9. Dynamical analysis of highly excited molecular spectra

    SciTech Connect (OSTI)

    Kellman, M.E.

    1993-12-01

    The goal of this program is new methods for analysis of spectra and dynamics of highly excited vibrational states of molecules. In these systems, strong mode coupling and anharmonicity give rise to complicated classical dynamics, and make the simple normal modes analysis unsatisfactory. New methods of spectral analysis, pattern recognition, and assignment are sought using techniques of nonlinear dynamics including bifurcation theory, phase space classification, and quantization of phase space structures. The emphasis is chaotic systems and systems with many degrees of freedom.

  10. Performance Bounds on Micro-Doppler Estimation and Adaptive Waveform Design Using OFDM Signals

    SciTech Connect (OSTI)

    Sen, Satyabrata; Barhen, Jacob; Glover, Charles Wayne

    2014-01-01

    We analyze the performance of a wideband orthogonal frequency division multiplexing (OFDM) signal in estimating the micro-Doppler frequency of a target having multiple rotating scatterers (e.g., rotor blades of a helicopter, propellers of a submarine). The presence of rotating scatterers introduces Doppler frequency modulation in the received signal by generating sidebands about the transmitted frequencies. This is called the micro-Doppler effects. The use of a frequency-diverse OFDM signal in this context enables us to independently analyze the micro-Doppler characteristics with respect to a set of orthogonal subcarrier frequencies. Therefore, to characterize the accuracy of micro-Doppler frequency estimation, we compute the Cram er-Rao Bound (CRB) on the angular-velocity estimate of the target while considering the scatterer responses as deterministic but unknown nuisance parameters. Additionally, to improve the accuracy of the estimation procedure, we formulate and solve an optimization problem by minimizing the CRB on the angular-velocity estimate with respect to the transmitting OFDM spectral coefficients. We present several numerical examples to demonstrate the CRB variations at different values of the signal-to-noise ratio (SNR) and the number of OFDM subcarriers. The CRB values not only decrease with the increase in the SNR values, but also reduce as we increase the number of subcarriers implying the significance of frequency-diverse OFDM waveforms. The improvement in estimation accuracy due to the adaptive waveform design is also numerically analyzed. Interestingly, we find that the relative decrease in the CRBs on the angular-velocity estimate is more pronounced for larger number of OFDM subcarriers.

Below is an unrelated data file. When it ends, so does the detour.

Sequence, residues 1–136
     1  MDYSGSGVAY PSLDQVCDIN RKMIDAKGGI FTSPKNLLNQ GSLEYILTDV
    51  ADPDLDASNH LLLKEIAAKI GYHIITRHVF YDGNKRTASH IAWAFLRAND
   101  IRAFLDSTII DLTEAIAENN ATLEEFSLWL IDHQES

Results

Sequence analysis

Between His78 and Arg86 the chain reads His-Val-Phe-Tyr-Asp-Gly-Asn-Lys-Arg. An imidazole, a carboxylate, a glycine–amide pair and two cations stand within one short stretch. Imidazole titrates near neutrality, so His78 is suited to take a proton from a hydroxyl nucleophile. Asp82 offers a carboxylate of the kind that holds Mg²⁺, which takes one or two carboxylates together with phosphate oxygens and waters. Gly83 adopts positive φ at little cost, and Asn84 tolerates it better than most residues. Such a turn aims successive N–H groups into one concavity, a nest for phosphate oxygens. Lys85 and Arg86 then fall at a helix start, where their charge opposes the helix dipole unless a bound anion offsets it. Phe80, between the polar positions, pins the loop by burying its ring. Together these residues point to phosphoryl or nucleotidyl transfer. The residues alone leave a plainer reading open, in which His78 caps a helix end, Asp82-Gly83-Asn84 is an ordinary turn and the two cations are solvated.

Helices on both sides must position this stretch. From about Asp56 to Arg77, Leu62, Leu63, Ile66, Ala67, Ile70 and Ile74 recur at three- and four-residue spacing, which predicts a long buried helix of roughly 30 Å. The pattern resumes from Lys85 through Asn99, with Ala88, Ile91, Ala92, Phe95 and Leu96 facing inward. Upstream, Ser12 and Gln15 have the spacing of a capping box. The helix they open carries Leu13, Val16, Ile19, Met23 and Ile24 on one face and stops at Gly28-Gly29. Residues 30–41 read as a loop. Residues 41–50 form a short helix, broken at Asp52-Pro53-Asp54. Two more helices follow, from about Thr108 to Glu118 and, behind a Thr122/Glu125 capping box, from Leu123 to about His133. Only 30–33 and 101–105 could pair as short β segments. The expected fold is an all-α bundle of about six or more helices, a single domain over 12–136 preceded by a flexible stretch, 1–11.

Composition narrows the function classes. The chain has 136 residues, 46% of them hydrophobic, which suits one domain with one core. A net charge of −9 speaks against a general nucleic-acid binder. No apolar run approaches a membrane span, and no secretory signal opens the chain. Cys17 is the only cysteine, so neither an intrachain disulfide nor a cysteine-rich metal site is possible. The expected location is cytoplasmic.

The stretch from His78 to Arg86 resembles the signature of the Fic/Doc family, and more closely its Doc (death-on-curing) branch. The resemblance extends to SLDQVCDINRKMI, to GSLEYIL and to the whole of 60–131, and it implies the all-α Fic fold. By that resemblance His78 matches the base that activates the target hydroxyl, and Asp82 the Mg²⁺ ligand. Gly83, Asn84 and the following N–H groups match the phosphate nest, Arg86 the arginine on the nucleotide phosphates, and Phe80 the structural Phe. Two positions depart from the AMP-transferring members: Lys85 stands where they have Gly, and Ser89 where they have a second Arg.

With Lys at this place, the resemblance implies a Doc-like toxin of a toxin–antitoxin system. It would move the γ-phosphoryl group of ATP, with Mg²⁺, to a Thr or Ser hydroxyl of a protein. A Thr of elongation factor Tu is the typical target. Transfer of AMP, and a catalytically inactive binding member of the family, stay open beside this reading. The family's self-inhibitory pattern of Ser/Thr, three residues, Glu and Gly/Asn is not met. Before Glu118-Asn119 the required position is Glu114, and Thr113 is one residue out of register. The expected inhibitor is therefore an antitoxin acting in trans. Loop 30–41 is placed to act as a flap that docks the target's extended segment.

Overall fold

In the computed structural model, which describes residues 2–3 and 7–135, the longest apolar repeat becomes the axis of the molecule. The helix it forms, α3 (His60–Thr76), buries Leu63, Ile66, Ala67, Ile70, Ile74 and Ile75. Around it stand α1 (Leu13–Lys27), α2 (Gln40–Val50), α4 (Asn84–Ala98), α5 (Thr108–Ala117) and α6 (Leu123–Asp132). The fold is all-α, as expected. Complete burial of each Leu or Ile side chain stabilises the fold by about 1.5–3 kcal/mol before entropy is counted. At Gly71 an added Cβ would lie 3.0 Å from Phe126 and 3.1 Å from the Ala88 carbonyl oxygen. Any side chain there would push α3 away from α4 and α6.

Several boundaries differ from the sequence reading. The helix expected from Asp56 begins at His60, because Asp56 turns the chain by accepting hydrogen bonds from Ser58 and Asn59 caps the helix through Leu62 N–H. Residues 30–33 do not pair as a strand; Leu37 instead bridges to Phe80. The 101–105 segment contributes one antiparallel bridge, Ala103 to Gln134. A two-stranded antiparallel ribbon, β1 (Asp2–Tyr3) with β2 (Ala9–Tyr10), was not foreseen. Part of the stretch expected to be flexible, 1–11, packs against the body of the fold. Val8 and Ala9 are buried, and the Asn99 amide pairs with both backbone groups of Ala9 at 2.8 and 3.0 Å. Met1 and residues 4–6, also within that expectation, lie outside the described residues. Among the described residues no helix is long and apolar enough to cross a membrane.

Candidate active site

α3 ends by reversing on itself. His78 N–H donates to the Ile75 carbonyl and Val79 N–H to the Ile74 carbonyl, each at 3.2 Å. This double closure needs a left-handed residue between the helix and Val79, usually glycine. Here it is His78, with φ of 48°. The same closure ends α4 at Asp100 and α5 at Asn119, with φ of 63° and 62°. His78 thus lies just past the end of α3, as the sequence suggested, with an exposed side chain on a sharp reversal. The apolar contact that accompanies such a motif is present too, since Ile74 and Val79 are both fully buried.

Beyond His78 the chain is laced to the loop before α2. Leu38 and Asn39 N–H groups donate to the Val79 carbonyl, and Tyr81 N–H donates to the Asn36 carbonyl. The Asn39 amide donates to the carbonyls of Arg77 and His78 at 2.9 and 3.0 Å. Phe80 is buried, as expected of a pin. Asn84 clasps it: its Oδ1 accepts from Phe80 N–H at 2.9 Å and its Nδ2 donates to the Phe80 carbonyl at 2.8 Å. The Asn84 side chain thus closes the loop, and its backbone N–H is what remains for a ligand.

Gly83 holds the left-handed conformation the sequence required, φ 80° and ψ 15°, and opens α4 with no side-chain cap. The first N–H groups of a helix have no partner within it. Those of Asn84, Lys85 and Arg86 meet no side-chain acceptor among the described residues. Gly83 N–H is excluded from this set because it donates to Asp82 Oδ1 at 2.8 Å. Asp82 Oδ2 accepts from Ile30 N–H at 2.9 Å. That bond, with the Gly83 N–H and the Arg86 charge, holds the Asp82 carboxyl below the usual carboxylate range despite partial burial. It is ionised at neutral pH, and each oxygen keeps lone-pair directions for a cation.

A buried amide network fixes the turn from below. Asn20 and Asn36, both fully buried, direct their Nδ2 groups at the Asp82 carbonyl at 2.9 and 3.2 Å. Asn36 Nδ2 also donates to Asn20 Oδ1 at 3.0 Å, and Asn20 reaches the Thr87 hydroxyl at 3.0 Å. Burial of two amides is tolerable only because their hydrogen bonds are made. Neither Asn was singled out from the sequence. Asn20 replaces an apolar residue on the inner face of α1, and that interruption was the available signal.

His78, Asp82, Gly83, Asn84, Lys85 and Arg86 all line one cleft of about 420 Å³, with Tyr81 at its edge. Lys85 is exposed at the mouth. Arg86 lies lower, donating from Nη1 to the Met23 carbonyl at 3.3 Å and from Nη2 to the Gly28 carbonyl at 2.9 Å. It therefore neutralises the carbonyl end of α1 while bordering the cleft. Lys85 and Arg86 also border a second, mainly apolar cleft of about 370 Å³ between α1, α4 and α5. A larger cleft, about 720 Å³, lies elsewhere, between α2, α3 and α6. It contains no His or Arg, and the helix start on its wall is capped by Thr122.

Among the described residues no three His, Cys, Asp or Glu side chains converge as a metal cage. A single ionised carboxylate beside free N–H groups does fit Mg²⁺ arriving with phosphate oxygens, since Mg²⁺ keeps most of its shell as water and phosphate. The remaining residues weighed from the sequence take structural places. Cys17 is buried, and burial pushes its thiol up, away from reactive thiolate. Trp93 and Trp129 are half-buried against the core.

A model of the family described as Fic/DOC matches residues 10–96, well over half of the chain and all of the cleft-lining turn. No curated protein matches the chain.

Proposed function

11. Improving ISR Radar Utilization (How I quit blaming the user and made the radar easier to use).

    SciTech Connect (OSTI)

    Doerry, Armin W.

    2014-08-01

    In modern multi - sensor multi - mode Intelligence, Surveillance, and Reconnaissance ( ISR ) platforms, the plethora of options available to a sensor/payload operator are quite large, leading to an over - worked operator often down - selecting to favorite sensors an d modes. For example, Full Motion Video (FMV) is justifiably a favorite sensor at the expense of radar modes, even if radar modes can offer unique and advantageous information. The challenge is then to increase the utilization of the radar modes in a man ner attractive to the sensor/payload operator. We propose that this is best accomplished by combining sensor modes and displays into 'super - modes'. - 4 - Acknowledgements This report is the result of a n unfunded research and development activity . Sandia Natio nal Laboratories is a multi - program laboratory managed and operated by Sandia Corporation, a wholly owned subsidiary of Lockheed Martin Corporation, for the U.S. Department of Energy's National Nuclear Security Administration under contract DE - AC04 - 94AL850 00.